How to identify ‘Main Idea’ questions: Some typical phrasings for Main Idea questions are:

  • What is the main point of the passage?
  • What argument is the author making?
  • The author is primarily concerned with advancing which of the following points?
  • What is the main idea?
  • Which of the following best summarizes the author’s argument?

Keep an eye out for words like main, general, summarize, and argument.

How to tackle them: If you follow the Five Steps strategy, you should be able to easily locate the main idea. Next, translate your conception of the main idea into something that matches one of the answer choices.

Passages on the LSAT are relatively short. Therefore, the answer to a main idea question cannot be too general or too specific. Main ideas tend toward medium focus. If stuck, eliminate the options that are at the extremes of specificity: either very general or very detailed. This may leave you with one – probably, the right – answer; even if it leaves you with more than one, you have still improved your chances of guessing correctly.

Guessing Drill: What is the main idea of the passage?
(Note: you are answering this question without seeing the question and are just evaluating answer choices to make a best guess).

A) The Native Americans of Wichita have a long and rich cultural history.
B) Native Americans have traditions.
C) Chief Running Horse of the Wichita Native Americans enjoys the traditional New Year’s dance because he likes to watch his neighbor, Lone Tree, dance.
D) People have traditions.
E) The Native Americans of Wichita use dance in many of their traditions.

Now analyze the answer choices, looking for super-specific or super-general wording. Which choice is the most general? Which is the most specific?

Best Cold Read Guess?

 

(D) People have traditions is extremely general. A book might be able to cover such a broad topic, but a short passage can’t address a wide enough variety of topics for this answer to make sense.

(B) Native Americans have traditions is still too broad. Native Americans have traditions, but what traditions? If the answer choice says something so general and so obvious that there’s no need to write an essay about it, it’s probably wrong.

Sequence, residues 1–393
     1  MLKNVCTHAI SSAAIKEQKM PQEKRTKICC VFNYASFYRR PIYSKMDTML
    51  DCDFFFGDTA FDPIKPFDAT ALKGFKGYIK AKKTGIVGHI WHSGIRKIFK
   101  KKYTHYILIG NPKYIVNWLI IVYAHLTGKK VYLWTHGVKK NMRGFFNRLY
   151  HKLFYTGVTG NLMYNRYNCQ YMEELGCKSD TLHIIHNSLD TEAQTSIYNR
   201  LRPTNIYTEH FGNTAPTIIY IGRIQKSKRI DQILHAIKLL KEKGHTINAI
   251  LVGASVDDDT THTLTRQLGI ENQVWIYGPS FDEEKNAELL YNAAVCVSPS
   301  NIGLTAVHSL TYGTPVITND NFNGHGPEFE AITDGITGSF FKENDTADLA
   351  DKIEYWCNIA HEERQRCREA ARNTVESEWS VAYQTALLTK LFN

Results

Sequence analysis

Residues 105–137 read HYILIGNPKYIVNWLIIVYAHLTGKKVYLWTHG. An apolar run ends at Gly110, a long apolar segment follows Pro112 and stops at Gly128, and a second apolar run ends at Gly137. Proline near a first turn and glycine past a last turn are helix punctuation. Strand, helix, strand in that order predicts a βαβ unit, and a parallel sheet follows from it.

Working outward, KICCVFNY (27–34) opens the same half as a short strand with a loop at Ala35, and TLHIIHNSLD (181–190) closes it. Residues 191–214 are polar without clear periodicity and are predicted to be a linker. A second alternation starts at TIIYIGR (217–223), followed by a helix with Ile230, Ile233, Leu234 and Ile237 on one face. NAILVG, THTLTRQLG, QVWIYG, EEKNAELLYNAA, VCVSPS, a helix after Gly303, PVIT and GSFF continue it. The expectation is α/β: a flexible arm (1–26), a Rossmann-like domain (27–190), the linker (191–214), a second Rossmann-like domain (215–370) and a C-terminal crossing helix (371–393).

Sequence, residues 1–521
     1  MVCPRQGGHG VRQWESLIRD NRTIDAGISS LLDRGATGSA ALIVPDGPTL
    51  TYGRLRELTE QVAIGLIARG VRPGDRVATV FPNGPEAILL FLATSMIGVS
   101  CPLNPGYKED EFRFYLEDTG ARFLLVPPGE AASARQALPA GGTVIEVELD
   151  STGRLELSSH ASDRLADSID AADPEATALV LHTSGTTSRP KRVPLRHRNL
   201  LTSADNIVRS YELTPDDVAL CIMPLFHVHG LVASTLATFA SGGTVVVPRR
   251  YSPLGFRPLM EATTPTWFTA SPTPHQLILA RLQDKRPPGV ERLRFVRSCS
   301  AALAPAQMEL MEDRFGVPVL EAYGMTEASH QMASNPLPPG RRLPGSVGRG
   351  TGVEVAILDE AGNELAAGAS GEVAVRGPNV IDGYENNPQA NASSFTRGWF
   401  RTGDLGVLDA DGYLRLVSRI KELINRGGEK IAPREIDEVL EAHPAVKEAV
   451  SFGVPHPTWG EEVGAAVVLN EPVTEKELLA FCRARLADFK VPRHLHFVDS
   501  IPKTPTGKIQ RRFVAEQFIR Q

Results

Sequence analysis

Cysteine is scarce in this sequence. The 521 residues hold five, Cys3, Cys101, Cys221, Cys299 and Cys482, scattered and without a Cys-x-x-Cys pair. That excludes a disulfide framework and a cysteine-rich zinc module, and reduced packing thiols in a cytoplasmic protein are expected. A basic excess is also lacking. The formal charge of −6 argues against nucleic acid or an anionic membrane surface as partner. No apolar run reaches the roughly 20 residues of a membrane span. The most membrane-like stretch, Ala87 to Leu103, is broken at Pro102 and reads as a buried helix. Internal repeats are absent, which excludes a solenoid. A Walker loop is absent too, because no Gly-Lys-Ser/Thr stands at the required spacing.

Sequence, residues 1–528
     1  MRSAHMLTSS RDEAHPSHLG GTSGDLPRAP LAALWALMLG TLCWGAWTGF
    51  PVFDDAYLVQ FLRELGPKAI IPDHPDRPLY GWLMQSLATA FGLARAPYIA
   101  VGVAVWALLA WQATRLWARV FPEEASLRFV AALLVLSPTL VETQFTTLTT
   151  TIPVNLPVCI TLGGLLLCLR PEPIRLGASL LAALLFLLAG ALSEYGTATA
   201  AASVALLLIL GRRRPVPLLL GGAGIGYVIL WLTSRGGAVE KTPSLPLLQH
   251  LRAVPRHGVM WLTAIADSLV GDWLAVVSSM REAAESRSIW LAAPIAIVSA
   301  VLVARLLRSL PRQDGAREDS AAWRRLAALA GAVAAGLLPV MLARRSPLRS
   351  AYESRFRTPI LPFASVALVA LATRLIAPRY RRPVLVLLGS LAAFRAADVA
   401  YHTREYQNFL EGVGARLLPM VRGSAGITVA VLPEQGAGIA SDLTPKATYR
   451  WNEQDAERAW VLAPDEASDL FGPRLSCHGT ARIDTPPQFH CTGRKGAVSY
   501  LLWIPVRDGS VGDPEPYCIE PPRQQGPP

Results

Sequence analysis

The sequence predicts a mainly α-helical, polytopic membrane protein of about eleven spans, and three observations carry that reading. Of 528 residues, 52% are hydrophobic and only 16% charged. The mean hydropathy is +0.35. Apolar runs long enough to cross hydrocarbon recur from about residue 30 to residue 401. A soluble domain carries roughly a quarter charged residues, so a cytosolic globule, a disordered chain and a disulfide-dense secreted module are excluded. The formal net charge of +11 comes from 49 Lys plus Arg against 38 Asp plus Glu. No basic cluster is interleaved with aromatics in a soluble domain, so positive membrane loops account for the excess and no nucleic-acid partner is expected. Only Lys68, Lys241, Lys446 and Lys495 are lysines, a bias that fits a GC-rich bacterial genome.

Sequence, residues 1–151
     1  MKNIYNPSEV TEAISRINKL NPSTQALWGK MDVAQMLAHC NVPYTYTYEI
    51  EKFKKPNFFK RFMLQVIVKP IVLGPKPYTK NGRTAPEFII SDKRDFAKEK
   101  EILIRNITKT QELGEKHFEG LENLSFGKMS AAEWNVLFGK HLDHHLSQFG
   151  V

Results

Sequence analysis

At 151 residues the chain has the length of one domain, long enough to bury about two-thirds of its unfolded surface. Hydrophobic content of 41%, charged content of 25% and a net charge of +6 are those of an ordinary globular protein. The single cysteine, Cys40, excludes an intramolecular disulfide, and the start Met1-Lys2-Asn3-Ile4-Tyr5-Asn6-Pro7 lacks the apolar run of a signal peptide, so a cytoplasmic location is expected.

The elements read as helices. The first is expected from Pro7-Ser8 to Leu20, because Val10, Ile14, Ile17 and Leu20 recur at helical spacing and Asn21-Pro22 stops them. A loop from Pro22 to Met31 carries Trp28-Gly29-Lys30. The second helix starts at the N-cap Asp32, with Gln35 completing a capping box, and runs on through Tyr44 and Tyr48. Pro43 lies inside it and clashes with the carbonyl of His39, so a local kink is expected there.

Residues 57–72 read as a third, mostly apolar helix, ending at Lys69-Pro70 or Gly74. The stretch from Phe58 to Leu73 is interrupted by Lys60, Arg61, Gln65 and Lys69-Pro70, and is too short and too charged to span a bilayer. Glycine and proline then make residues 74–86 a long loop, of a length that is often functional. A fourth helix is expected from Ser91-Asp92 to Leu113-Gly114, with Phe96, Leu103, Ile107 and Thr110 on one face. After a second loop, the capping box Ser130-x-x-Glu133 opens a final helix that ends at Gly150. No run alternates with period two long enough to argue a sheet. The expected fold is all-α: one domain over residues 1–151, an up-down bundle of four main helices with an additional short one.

(C) Chief Running Horse of the Wichita Native Americans enjoys the traditional New Year’s dance because he likes to watch his neighbor, Lone Tree, dance is far too specific. The inclusion of this much detail and the lack of any generalized wording are strong indicators. This idea can probably be found somewhere within the passage, but it’s almost comically specific; it’s an idea, but not the MAIN idea.

This leaves us with two answer choices. Having eliminated the answer choices with overly specific and overly general wording, we can assume that the answer is probably (A) or (E). Let’s take a closer look at them both:

(A) The Native Americans of Wichita have a long and rich cultural history.
(E) The Native Americans of Wichita use dance in many of their traditions.

Choice (A) sounds very main idea-ish: note the balance of detailed (Native Americans of Wichita) and general (rich cultural history) description. Choice (E) is a bit less general, but could very well be the main idea of a different sort of passage. They are both of adequate focus for a LSAT essay, but by this process of elimination you have improved your chances of choosing the correct answer from 1 in 5 to 50/50.

Look at the Questions for the Big Idea
If, as we have said, many Macro questions revolve around the Big Idea, then isn’t it possible to get clues about the main idea from the questions from the essay? If all fails, look at the first question and maybe it will give you a clue about what the LSAT considers important about the essay. In addition, as you get to the second and third question on the essay, this will help tighten your understanding of the essay.

Next LSAT: January 26

Next LSAT: January 26